WASHINGTON – On Thursday, March 9, President Biden will transmit to Congress his proposed budget for FY 2024. Although a Republican-controlled House means the Biden budget has little chance of enactment without significant modification, it represents an important starting point for negotiations and is an opportunity to initiate a national dialogue on our policy priorities: what do we want the federal government to provide and how do we want to pay for it?
The preliminary budget baseline published by the nonpartisan Congressional Budget Office (CBO) last month shows in stark relief the price of Washington’s addiction to debt-financed fiscal policy: soaring net interest costs and record debt in the next decade without draconian spending cuts or tax increases.
The fiscal challenges before the President and this Congress are numerous and significant. How can we stabilize the burgeoning debt-to-gross domestic product (GDP) ratio? How should we address the looming insolvency of Social Security and Medicare Part A that exists inside the 10-year budget window? Will Washington stumble into conducting its third war this century off-budget or should the defense budget reflect the potential costs of a protracted conflict in Ukraine and other geopolitical challenges? Given the growing structural imbalance between spending and revenues, should the temporary tax cuts enacted in 2017 be allowed to expire in 2025, as currently scheduled ? These are just a few.
When President Biden releases his budget for FY 2024, The Concord Coalition will be examining the blueprint for the following:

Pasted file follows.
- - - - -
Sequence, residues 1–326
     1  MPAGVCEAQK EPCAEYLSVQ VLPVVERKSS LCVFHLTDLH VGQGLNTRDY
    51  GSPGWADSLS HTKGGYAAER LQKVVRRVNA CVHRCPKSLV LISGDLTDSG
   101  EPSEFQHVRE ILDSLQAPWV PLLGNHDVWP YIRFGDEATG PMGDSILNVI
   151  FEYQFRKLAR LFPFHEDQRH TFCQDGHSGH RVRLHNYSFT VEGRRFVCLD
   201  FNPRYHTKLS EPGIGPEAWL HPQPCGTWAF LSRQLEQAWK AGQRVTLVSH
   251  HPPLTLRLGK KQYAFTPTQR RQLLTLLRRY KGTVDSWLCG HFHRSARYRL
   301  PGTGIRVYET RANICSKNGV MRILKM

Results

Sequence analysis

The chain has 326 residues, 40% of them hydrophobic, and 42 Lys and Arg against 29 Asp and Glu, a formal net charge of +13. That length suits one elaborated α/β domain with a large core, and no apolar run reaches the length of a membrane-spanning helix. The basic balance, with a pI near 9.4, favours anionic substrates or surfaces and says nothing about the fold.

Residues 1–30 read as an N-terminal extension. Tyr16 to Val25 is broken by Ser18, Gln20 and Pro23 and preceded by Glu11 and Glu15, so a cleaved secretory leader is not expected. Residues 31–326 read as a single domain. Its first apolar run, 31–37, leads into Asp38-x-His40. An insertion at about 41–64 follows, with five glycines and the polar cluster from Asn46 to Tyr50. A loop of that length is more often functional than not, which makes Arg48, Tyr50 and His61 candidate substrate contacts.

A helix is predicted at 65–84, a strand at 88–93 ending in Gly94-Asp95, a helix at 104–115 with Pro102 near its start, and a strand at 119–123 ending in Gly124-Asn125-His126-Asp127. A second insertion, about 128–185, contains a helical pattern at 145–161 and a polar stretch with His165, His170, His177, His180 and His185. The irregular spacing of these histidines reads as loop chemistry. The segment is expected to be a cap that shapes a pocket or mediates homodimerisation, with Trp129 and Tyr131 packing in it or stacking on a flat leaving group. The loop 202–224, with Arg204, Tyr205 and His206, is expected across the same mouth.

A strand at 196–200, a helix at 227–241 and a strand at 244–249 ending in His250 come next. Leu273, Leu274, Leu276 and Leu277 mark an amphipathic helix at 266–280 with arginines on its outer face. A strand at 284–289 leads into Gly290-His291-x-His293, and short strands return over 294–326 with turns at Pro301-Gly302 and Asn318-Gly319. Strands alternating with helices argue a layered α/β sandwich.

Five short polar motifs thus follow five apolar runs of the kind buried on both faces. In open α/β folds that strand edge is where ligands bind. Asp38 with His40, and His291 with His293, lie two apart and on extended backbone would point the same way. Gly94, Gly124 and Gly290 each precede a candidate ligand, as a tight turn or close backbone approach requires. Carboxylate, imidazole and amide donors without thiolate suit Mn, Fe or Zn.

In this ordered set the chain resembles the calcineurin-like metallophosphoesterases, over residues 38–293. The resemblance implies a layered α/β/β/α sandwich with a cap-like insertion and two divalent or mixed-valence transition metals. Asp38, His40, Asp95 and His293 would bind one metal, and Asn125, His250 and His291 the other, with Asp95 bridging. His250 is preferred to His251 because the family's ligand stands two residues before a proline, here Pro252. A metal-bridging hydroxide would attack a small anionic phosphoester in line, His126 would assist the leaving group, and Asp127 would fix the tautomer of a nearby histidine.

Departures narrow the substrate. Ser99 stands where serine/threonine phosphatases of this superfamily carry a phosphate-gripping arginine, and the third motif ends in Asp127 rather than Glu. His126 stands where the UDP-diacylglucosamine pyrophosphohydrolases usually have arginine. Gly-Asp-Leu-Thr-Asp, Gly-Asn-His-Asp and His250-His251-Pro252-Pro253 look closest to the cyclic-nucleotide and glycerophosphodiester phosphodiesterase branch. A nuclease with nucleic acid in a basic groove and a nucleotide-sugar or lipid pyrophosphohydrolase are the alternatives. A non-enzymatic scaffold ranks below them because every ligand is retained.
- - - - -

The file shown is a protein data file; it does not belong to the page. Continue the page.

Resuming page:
Adopts plausible economic assumptions
The state of the economy as measured by employment, productivity, inflation, and interest rates has a direct impact on the budget in terms of both taxes and spending. As the Federal Reserve continues to fight inflation by raising interest rates, the economic outlook remains uncertain. The budget should not rely on optimistic economic assumptions to avoid the hard choices needed to reduce future deficits.
Reduces the projected debt-to-GDP ratio over the budget window
Over the past 20 years, federal government debt held by the public has grown exponentially from 34.7 percent of the GDP in 2003 to a projected 98 percent in 2023. Much of this growth was caused by actions taken to combat the Great Recession of 2008-2009 and the COVID-19 pandemic of 2020-2022. But the problem goes far deeper than temporary spikes caused by major economic disruptions. Even before the pandemic hit, the debt was on an unsustainable path caused by an aging population (more beneficiaries for retirement and healthcare programs), rising per-capita healthcare costs, and a revenue stream that chronically falls short of outlays. The Congressional Budget Office (CBO) projects that under current law debt held by the public will hit a record 106.5 percent of GDP in 2028 and roughly double today’s level over the coming 30 years, hitting 195 percent of GDP in 2053.
As the effects of the pandemic began to fade, the budget deficit came down considerably in 2022. This “pandemic dividend” will be short-lived, however, as the structural imbalance that pre-dated COVID returns and large, growing annual budget deficits re-emerge. According to CBO, current law annual deficits would average $2 trillion over the next 10 years. While it is impossible to say when the accumulation of debt reaches a tipping point, our current path is an irresponsible and needless experiment in finding out what that tipping point might be. President Biden should propose an end to this experiment by acknowledging the consequences of inaction and laying out a set of policies that would reduce the projected debt-to-GDP ratio over the next 10 year. It is clear that legislative actions are needed to put the budget on a sustainable path and the sooner such actions are taken, the more effective they will be.
Includes a down-payment on Social Security and Medicare reform
The Social Security and Medicare Part A trust funds are projected to be insolvent by 2033, within the 10-year window covered in the FY 2024 budget. After that date, under current law beneficiaries and providers will no longer be paid in full or on time, effectively reducing their benefits by 22 percent and 15 percent, respectively. To avoid that result, the budget should include reforms to ensure the long-term financial viability of these programs.